The snow-covered Olympic Mountains are pictured in the background as a Boeing 777X airplane takes off on its inaugural flight at Paine Field in Everett, Washington in the United States on January 25, 2020
Everett (United States) (AFP) - Boeing's new long-haul 777X airliner made its first flight on Saturday, a step forward for the company whose broader prospects remain clouded by the 737 MAX crisis.
The world's largest twin-engine aircraft landed at Boeing Field near Seattle after approximately four hours in the air, following months of delays and erratic weather in recent days.
High winds led to the maiden flight's postponement on Friday, and the company blamed weather for an earlier delay on Thursday, which was rainy.
A few minutes after 10:00 am local time (1800 GMT), the plane took off from the rain-slicked runway at Paine Field in Everett, Washington, home to Boeing's northwest US manufacturing site.
"Yes!" Boeing spokesman Josh Green shouted as the plane's wheels finally lifted off the tarmac.
Just minutes earlier, the pilots deployed the plane's winglets -- folding wing tips -- designed to improve the craft's fuel efficiency and make it possible for the plane, with the widest wing span ever from Boeing, to be accommodated at more airports.
The first flight was originally scheduled to take place in mid-2019 but was postponed due to problems with the new engine, manufactured by General Electric, and difficulties with the wings and software.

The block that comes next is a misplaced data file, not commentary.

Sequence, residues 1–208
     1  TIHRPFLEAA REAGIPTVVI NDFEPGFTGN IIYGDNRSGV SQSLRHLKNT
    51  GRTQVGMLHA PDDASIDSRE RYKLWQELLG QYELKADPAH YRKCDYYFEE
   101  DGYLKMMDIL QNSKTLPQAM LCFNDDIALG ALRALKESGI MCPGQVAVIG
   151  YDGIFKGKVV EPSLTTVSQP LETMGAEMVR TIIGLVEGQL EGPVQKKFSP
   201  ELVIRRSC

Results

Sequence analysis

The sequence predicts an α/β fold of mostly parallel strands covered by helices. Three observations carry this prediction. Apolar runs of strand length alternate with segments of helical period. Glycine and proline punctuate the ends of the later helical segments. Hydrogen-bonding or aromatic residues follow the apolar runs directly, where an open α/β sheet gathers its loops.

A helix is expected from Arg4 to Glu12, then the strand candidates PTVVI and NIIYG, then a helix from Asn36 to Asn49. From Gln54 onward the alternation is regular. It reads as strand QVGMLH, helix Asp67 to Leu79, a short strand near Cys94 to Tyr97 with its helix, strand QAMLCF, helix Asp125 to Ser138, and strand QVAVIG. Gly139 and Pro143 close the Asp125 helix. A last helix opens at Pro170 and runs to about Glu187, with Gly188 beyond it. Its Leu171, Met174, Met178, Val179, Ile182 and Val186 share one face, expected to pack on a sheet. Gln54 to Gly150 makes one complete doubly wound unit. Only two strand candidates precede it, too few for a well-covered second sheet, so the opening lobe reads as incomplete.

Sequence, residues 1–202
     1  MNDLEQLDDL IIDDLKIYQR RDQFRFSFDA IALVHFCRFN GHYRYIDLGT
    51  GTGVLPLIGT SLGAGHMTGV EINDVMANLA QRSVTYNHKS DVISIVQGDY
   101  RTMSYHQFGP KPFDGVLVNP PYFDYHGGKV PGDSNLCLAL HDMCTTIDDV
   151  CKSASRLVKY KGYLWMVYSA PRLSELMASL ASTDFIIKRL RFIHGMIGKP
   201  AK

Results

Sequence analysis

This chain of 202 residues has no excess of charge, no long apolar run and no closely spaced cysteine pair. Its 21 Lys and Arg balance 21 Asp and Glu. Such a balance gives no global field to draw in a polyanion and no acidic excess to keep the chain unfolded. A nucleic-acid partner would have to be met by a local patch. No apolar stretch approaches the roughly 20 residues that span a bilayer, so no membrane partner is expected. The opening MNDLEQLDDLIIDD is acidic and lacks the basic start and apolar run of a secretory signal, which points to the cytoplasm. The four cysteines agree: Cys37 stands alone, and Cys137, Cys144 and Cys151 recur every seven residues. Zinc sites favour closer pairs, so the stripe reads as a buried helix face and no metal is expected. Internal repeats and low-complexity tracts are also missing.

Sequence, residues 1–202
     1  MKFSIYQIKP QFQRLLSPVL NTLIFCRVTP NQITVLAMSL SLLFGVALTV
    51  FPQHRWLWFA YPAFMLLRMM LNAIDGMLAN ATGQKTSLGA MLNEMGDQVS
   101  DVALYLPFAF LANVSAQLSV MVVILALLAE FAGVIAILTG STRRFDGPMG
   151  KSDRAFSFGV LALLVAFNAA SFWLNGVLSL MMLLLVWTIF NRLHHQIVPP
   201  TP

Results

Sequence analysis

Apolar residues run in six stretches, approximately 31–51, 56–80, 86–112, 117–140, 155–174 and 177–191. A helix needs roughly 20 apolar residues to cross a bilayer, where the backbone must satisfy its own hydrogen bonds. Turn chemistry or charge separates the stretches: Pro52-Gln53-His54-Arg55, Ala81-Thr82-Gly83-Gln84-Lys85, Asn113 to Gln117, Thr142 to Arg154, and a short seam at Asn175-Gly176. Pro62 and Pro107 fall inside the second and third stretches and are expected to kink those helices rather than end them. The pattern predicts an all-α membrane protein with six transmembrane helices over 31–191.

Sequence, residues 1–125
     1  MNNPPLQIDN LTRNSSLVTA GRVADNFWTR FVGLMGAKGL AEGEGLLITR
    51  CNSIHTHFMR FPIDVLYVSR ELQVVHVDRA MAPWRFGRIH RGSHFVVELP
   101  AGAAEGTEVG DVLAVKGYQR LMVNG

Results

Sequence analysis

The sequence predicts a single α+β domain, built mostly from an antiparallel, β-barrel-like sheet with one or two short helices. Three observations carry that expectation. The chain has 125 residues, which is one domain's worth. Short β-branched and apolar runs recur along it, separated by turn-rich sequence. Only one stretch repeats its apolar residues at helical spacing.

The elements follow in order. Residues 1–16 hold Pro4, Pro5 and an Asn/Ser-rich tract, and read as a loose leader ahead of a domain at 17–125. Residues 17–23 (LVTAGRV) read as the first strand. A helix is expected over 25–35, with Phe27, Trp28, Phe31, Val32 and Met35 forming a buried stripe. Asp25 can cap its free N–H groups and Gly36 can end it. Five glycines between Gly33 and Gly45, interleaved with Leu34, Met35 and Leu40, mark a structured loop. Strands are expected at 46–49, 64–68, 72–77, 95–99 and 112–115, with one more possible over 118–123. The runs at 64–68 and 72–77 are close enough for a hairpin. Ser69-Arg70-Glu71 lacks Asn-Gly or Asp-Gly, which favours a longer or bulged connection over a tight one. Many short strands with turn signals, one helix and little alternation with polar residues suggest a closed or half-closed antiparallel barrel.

Saturday marked the first of what is to be a series of in-flight tests. If they go well, Boeing will officially file for approval from the Federal Aviation Administration (FAA).
With Boeing facing a crisis over its top-selling 737 MAX following two deadly crashes, the 777X is supposed to compete in the long-haul aircraft market with the A350 made by rival European aircraft manufacturer Airbus.
The flight was "a demonstration to the world that we know what we are doing. We know how to do aircraft designed safely and instill trust in the public," said Stanley Deal, president and chief executive of Boeing Commercial Airplanes.
Major airlines including Emirates, Lufthansa, Cathay Pacific, Singapore Airlines and Qatar Airways have placed some 340 orders for the 777X.
The first deliveries of the new model, with maximum capacity of 384 to 426 passengers depending on the configuration, are not expected before early 2021, instead of mid-2020 as initially planned.
The aircraft encountered significant problems during pressurization tests in September.
- Business down -
Boeing's business has also been weakened by a lack of firm orders from Chinese airlines for its 787 Dreamliner, which is expected to see production cuts.
The 777X has a range of 16,200 to 13,500 kilometers depending on its configuration and the number of passengers aboard, according to the Boeing website. It is also extremely fuel-efficient, an important consideration at a time when passengers are increasingly concerned about carbon emissions.
Its list price is between $410 million to $442 million, though customers often negotiate discounts.
US air safety regulators could clear the 737 MAX to return to service before mid-year, a person close to the process said Friday.
The plane has been grounded since March following two deadly crashes, in Ethiopia and Indonesia. On Tuesday, Boeing announced that it did not expect to win regulatory approval until mid-2020.
In addition to the crisis of confidence, Boeing is seeking some $10 billion in loans to deal with swelling costs for the MAX.
Boeing suspended production of the MAX this month but Chief Executive David Calhoun said this week the company plans to begin ramping up production of the model in anticipation of winning regulatory approval to restart service.
Calhoun began as CEO earlier in January following the ouster of Dennis Muilenburg, whose tenure was rocked by the MAX crisis which led to deteriorating relations between the company and the FAA.
Calhoun aims to turn the company around, and has highlighted restoring Boeing's reputation with regulators, customers and other stakeholders as an imperative.